Here’s a link to a review of medical research that has enormous implications for our exercise efforts and our longevity. Enjoy!

LINK TO THE ARTICLE: The Right Dose of Exercise for a Longer Life

Full Article

Uber-Short Summary

To live a longer life, walk (or other moderately intense exercise) between 2 1/2 and 6 1/2 hours per week. Spend 30% of your time exercising doing high-intensity training (HIT). Avoid too much exercise as well as prolonged sitting as these may destroy all the benefits that exercise provides. No matter how great your diet, you still need to exercise for longevity and optimum health.

SUMMARY OF ARTICLE

1) If you engage in between 2 1/2 and 6 1/2 hours of moderate exercise per week, e.g., walking, these studies suggest that you reduce your risk of early death by 31% (for 150 min/wk = 22 min/day) and 39% (450 min./wk = 65 min/day). The “Goldilocks Zone” in this case refers to the optimum amount and type of exercise that helps you avoid early death.

2) Exercising more than 6 1/2 hours per week doesn’t appear to provide additional benefit and in some cases may actually negate health benefits.

3) Other research suggests that adding HIGH INTENSITY EXERCISE to moderate exercise routines (as described above) can add IMPORTANT benefits to longevity. Subjects who “spent up to 30 percent of their weekly exercise time in vigorous activities were 9 percent less likely to die prematurely than people who exercised for the same amount of time but always moderately…”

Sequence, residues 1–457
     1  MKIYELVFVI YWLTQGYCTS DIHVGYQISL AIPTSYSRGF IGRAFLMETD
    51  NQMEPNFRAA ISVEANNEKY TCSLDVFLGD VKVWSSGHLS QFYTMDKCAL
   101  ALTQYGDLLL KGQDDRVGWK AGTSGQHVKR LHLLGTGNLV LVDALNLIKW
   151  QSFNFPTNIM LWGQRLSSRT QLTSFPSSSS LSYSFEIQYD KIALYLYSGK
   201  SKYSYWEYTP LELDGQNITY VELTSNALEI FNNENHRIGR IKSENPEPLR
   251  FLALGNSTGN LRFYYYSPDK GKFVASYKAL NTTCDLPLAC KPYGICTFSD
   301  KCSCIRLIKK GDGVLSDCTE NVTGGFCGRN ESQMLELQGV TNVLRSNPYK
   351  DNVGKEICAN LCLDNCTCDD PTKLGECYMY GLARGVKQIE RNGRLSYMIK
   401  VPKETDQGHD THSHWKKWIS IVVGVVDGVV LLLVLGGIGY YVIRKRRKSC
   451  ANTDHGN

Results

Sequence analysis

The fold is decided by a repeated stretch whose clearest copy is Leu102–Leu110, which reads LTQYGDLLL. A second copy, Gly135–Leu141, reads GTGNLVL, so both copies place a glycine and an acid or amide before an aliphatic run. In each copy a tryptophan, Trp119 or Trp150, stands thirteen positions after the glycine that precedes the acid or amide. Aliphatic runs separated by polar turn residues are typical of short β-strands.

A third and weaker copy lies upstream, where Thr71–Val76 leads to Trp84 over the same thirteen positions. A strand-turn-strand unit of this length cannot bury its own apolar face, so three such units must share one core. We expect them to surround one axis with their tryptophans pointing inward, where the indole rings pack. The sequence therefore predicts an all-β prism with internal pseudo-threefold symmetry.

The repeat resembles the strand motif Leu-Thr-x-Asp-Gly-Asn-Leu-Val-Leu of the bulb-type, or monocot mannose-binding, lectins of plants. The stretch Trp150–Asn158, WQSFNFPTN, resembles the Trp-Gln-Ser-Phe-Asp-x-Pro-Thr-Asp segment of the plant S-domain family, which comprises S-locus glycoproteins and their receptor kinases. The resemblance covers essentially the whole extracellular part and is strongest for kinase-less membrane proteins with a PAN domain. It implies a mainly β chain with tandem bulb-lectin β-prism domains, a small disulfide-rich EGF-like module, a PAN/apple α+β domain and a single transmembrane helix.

4) Other related research suggests that “SITTING IS THE NEW SMOKING.” Prolonged sitting can do more damage to your health than the benefits that exercise provides. Interrupting sitting periodically doesn’t work significantly.

5) Even while eating the best diet possible, you still need to exercise to reach your highest health potential.

Why We Chose This Article for You

1) This research offers SIGNIFICANT IMPLICATIONS for how much and what type of exercise we do.

2) Research studies quoted appear to be of the size (600,000 and 200,000 participants) and length (14 years in the larger study) that we look for. And remember, as with any health statistic you read, there are always people who defy the numbers. We call them “outliers” because they reside on the outlying edges of the averages quoted.

3) Joseph Mercola, DO, is one of the most widely read holistic doctors in the world. He is has been criticized by the medical community for his criticism of the medical community. His article here provides a review of medical literature.

About The Author: Dr. Mercola

As you may know, we’re grateful for Dr. Joseph Mercola because of his tireless work in reviewing medical literature from a holistic and complementary perspective. After having read his health articles over a period of many years, we have found his recommendations to be heavily evidence-based. We are also pleased that he puts the new research in perspective by highlighting past research on the same topic as well.

 

Artwork Credit: https://play.google.com